I have no doubt by next semester they’ll have kids wearing heart rate monitors throughout the school day so from home, work, even the grocery store, we can go online and check and see if our darlings seem stressed or if their vital signs are in the normal range.

So, if I may raise my hand and ask a question to the schools out there – which is it? Do you want us to let our kids make mistakes, figure it out on their own and grow in the process or do you want us virtually in the classroom?

This mom needs an answer.

**For more Snarky check out my book  Snarky in the Suburbs Back to School. 

Here’s a little ditty about it: The Spring Creek Elementary School PTA board (a coven of Mean Moms dressed in Uggs, yoga pants, and dermal filler) is up to no good. Wynn Butler (middle-aged, uncool, and not bringing sexy back) is determined to find out what’s going on. With help from her two kids, a Roomba vacuum turned mobile surveillance drone, and a few good friends, Wynn launches a covert investigation that leads to the “mother of all revenge capers” at the school’s annual Fall Festival. If you’ve ever fantasized about smoke bombing the idiot parent who has yet to master the fine art of the school drop-off lane, or standing up and shouting, “Liar, liar, Botox on fire” during a PTA meeting, then this delicious tale of payback is for you.

To stay up-to-date on new posts and take part in my not so deep thoughts click on this Facebook link – http://is.gd/iEgnJ (That’s the abbreviated link to my FB page) or I twitter @snarkynsuburbs.

 

 

 

 

 

 

 

 

 

 

 

 

 

13 thoughts on “Back-to-School Night: The Teen Years

  1. Bev says:

    I think I am one of the only moms I know who isn’t constantly checking on line to monitor my precious snowflakes. Listen up, parents this stalking will someday backfire!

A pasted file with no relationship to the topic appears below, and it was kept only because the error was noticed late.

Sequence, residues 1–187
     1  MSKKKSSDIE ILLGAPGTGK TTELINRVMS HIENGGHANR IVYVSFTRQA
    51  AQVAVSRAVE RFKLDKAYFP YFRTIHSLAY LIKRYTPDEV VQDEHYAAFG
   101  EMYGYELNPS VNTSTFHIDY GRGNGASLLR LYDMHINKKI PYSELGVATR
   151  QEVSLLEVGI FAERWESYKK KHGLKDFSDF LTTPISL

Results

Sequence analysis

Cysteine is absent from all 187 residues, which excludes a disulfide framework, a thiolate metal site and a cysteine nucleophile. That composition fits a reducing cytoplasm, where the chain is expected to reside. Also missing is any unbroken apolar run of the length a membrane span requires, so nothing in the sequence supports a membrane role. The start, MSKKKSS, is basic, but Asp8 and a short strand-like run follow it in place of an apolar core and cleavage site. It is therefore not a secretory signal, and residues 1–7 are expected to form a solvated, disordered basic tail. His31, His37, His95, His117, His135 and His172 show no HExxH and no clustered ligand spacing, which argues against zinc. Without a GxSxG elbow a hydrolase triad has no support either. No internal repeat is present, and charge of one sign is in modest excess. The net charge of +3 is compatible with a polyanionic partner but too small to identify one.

2. B.A. says:

    Just a great big thank you for saying what most parents are thinking! Pick a lane schools – do you wants us stalking 24/7 or do you want us letting our teenage children learn some of life’s hard lessons.

  3. Melissa says:

    Teachers want students to self-advocate but the district provides things like online grade books that parents love, so teachers are told to point that stuff out.

  4. mamalion3 says:

    Ok, here’s my beef with this “self advocate” non-sense… Until they are 18, I’m responsible for them financially and legally, so I am in fact their advocate! No matter how evolved we have become, it is still disrespectful for a young person to debate with a teacher about policy or grading. I have instructed my kids to certainly start the conversation, but to never argue or be anything other than respectful. If they don’t get anywhere, which half the time they don’t, it’s my place to step up to the podium and take over, if it’s a real issue and not just them whining.

  5. A.PROMPTreply says:

    When did it become an option that a kid should self-advocate? I really wonder sometimes if all this technology is better or not. However, one thing never changes….those parents at back-to-school night!

  6. Ashley says:

    While i understand the self-advocacy thing (I’m a teacher) i also think it’s used WAY too often as a way to tell parents to stay out and let them deal with it, which isn’t always the best or easiest way for our kids.
    Otherwise, SPOT ON!!!!!! Love the blog!!!!!

Leave a Reply

Fill in your details below or click an icon to log in:

WordPress.com Logo

You are commenting using your WordPress.com account. Log Out / Change )

Twitter picture

You are commenting using your Twitter account. Log Out / Change )

Facebook photo

You are commenting using your Facebook account. Log Out / Change )

Google+ photo

You are commenting using your Google+ account. Log Out / Change )

Connecting to %s